Highlighting the importance of multilingualism in the Department’s work, the representative of the Russian Federation said his delegation would like to see the development of all forms of Russian-language information coverage in the United Nations. Although notable effort was being made in presenting information in Russian, the United Nations News Centre in Russian still had the status of a “pilot project” and was the least endowed in resources. Under-Secretary-General for Communications and Public Information, Kiyo Akasaka, should ensure its strengthening.
Also speaking during the general debate were the representatives of Egypt, Bahrain, Saudi Arabia, the Democratic People’s Republic of Korea, Burkina Faso, Kuwait, Moldova, Iran, Colombia, Tunisia and China.
The Fourth Committee will meet again at 10 a.m. tomorrow, 16 October, to begin its general debate on the effects of atomic radiation.
As the Fourth Committee (Special Political and Decolonization) met this morning to conclude its consideration of questions relating to information, it had before it two draft resolutions and a draft decision, contained in the report on the thirty-first session of the Committee on Information (document A/64/21, Chapter IV).
It also had before it the Secretary-General’s report on questions relating to information (document A/64/262). (For a summary of that report, please see Press Release GA/SPD/428 of 13 October).
By the terms of draft resolution A, contained in the report on the Information Committee’s thirty-first session and entitled: “Information in the service of humanity”, the General Assembly would urge all countries, organizations of the United Nations system as a whole and all others concerned to heed the call for what has been termed, in the United Nations and at various international forums, a “new world information and communication order”. Towards that goal, it would have them cooperate and interact to reduce existing disparities in information flows at all levels, by increasing assistance for the development of communications infrastructures and capabilities in developing countries, to enable them to develop their own information and communication policies freely and independently, and increase the participation of media and individuals in the communication process.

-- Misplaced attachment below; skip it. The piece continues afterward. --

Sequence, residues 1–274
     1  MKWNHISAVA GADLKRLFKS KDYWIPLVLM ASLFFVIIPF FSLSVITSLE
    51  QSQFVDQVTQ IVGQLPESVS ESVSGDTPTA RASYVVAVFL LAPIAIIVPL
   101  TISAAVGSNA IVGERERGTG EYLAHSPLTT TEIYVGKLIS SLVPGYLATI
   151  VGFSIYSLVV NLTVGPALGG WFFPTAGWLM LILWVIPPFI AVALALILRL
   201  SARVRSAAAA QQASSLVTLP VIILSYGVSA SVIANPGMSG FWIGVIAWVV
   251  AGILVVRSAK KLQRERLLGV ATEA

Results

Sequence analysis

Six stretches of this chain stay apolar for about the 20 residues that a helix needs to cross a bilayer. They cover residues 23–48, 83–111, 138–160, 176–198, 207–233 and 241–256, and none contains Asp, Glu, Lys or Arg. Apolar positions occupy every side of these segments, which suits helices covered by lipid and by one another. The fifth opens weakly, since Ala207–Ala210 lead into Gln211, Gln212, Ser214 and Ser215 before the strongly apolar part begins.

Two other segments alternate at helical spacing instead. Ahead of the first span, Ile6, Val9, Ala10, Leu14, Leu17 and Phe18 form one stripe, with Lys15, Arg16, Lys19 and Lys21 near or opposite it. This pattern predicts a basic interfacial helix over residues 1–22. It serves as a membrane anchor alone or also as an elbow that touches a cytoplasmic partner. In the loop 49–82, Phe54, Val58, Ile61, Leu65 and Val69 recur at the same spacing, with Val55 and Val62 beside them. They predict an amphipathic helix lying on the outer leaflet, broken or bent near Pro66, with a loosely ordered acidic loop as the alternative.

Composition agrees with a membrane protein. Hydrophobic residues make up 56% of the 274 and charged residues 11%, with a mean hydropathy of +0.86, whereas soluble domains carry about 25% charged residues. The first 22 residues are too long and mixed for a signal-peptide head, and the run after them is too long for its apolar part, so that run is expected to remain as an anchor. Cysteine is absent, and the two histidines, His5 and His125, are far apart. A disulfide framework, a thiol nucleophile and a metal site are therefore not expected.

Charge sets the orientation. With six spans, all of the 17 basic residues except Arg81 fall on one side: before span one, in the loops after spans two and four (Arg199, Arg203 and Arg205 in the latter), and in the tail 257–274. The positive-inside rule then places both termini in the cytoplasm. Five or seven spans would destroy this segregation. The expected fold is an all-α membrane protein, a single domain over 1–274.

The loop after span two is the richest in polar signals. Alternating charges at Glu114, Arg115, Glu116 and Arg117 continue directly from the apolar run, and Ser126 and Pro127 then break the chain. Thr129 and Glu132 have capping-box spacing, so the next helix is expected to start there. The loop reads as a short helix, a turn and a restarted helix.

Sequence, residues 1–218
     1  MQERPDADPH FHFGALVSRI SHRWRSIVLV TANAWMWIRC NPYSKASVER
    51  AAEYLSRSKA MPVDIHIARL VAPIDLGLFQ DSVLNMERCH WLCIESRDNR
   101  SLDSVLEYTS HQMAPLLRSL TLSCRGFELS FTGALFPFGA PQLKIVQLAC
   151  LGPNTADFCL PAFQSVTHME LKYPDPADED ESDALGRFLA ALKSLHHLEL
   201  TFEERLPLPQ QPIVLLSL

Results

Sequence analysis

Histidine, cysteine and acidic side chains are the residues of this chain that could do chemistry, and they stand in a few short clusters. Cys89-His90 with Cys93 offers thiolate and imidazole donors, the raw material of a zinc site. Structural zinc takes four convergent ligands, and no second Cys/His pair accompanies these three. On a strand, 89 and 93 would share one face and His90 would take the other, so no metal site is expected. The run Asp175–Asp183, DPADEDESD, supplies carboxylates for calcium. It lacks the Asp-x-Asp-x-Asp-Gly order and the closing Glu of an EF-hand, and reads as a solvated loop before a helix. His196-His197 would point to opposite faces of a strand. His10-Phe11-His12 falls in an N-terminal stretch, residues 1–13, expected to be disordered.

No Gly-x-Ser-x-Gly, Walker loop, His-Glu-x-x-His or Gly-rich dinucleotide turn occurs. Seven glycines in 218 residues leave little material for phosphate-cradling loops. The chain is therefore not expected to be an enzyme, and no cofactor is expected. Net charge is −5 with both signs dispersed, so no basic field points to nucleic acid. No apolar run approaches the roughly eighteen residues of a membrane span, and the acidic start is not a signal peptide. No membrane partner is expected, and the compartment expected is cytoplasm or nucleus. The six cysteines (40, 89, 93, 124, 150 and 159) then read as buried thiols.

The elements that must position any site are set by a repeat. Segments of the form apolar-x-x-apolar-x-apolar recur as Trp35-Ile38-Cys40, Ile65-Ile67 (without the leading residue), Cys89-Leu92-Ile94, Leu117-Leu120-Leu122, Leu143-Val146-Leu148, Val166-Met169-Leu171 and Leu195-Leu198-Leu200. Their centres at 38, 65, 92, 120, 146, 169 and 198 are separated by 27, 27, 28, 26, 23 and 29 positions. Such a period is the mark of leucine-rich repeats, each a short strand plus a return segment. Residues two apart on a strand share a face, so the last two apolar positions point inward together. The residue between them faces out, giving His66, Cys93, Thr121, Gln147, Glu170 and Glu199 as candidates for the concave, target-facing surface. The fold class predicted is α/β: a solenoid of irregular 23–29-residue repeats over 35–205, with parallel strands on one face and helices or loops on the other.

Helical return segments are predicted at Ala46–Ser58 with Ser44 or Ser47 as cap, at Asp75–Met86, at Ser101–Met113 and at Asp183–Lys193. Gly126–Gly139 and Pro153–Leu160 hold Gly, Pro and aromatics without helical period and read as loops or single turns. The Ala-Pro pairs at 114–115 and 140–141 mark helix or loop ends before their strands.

Also by the text, those countries and other entities would be urged to ensure for journalists the free and effective performance of their professional tasks, and to resolutely condemn all attacks against them; to provide support for the continuation and strengthening of practical training programmes for broadcasters and journalists from all media in developing countries; to enhance regional efforts and cooperation among developing countries, and between developed and developing countries, to strengthen communication capacities and to improve the media infrastructure and communication technology; and to aim at providing all possible support and assistance to the developing countries and their media, with due regard to their needs in the field of information, and to action already adopted within the United Nations system.
By the terms of draft resolution B, also contained in that report, entitled “United Nations public information policies and activities”, the Assembly would reaffirm that the Organization remained the indispensable foundation of a peaceful world, and that its voice should be heard in a clear and effective manner. In that context, it would emphasize the essential role of the Department of Public Information.
The Assembly would request the Department to pay particular attention to such major issues as poverty eradication, conflict prevention, sustainable development, human rights, HIV/AIDS, combating terrorism and the needs of the African continent. It would also request that particular attention be paid to implementing the internationally agreed-upon development goals, including those contained in the Millennium Declaration, and raising public awareness of climate change, especially in the context of the forthcoming sessions of the Conference of the Parties and of the meetings of the Parties to the Kyoto Protocol, held in Poznan, Poland, in December 2008, and to be held in Copenhagen in December 2009.
Also by the text, the Assembly would request the Department, acknowledging its commitment to a culture of evaluation, to continue to evaluate its products and activities, with the objective of improving their effectiveness, and to continue to cooperate and coordinate with Member States and the Office of Internal Oversight Services (OIOS).